An award-winning writer of sitcoms, Jennie Blackton started her career acting on Broadway when she was a teenager, and progressed to hosting talk-shows on radio and TV both in New York City and Los Angeles. Not wishing to have to look good at 7am five days a week, she decided to be on the other side of the camera and began writing sitcoms. She wrote for many years, her last show was “Roseanne.” In fact, she was the first woman to write for a sitcom about women, “One Day at a Time.”
When she didn’t feel funny anymore she became a Vice President of Columbia Pictures and then Universal Television. She got started in political communication because she was so frustrated when candidates that she supported seemed unable to utter a straight honest sentence that would make an audience listen and be persuaded to act. She started to teach candidates in how to make an audience sit up, listen and applaud at the end of a speech and discovered that delivering a solid message + stump speech and writing sitcoms for a critical audience utilize the same skills. She combined her experience in all media into one interactive workshop and found her soul work in the process.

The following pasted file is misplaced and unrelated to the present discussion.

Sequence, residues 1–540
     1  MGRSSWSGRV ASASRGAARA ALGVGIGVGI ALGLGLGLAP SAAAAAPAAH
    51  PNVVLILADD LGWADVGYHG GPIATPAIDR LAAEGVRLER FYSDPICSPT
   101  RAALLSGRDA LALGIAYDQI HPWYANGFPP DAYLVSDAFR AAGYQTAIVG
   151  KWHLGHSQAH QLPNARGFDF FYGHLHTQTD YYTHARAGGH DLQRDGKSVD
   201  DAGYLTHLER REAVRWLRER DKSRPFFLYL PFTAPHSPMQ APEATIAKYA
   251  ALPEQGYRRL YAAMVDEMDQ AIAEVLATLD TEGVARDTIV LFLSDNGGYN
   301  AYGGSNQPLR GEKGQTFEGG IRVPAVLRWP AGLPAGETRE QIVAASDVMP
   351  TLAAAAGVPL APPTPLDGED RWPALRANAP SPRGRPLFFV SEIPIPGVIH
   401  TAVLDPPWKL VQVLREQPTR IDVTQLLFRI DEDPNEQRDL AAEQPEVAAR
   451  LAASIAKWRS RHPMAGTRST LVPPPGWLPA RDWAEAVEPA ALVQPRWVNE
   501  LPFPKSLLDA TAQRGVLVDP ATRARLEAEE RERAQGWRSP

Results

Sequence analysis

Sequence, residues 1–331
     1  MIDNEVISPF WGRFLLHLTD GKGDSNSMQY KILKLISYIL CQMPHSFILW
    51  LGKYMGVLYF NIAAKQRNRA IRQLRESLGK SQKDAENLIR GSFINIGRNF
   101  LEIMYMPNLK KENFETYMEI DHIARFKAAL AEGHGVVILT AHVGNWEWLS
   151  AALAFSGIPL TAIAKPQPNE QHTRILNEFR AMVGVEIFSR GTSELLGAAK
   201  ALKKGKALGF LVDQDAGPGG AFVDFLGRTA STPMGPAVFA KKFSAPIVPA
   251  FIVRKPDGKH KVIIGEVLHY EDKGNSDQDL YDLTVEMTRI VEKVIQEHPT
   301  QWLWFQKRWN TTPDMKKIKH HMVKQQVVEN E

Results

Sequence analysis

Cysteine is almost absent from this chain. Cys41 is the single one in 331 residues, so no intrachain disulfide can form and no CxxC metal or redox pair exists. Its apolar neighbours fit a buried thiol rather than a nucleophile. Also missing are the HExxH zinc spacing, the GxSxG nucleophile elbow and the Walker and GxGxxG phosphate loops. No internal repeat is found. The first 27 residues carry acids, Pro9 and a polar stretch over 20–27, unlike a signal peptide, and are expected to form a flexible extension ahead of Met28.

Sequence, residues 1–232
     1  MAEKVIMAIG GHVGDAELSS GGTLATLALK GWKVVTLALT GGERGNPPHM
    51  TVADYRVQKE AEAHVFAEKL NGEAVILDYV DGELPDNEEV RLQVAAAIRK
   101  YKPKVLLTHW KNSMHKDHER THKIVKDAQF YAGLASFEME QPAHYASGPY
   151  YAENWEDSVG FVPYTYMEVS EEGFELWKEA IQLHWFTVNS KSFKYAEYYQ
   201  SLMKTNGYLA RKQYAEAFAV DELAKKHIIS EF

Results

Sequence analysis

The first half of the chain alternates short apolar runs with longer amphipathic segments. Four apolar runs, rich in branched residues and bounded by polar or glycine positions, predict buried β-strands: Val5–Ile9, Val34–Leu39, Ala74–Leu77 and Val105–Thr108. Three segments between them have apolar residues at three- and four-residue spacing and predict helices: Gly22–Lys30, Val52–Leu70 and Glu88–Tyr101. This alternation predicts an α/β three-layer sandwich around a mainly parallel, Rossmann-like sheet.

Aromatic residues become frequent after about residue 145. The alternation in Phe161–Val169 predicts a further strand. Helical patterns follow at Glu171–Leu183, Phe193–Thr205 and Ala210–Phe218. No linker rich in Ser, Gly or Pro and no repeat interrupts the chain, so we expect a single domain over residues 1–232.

In the last 12 years, she has worked in all kinds of campaigns, specializing in local, city and state elections – where the real people are. She has also worked outside the United States on campaigns in countries as diverse as Malawi, Haiti and Greece, where she worked with George Papandreou, candidate for Prime Minister, who won…and then resigned. She is currently on retainer as the communications consultant to the Association of Democratic State Chairs, a division of the DNC, plus she maintains her own candidate client list as well. Her articles have been featured in the Huffington Post and Campaigns and Elections Magazine.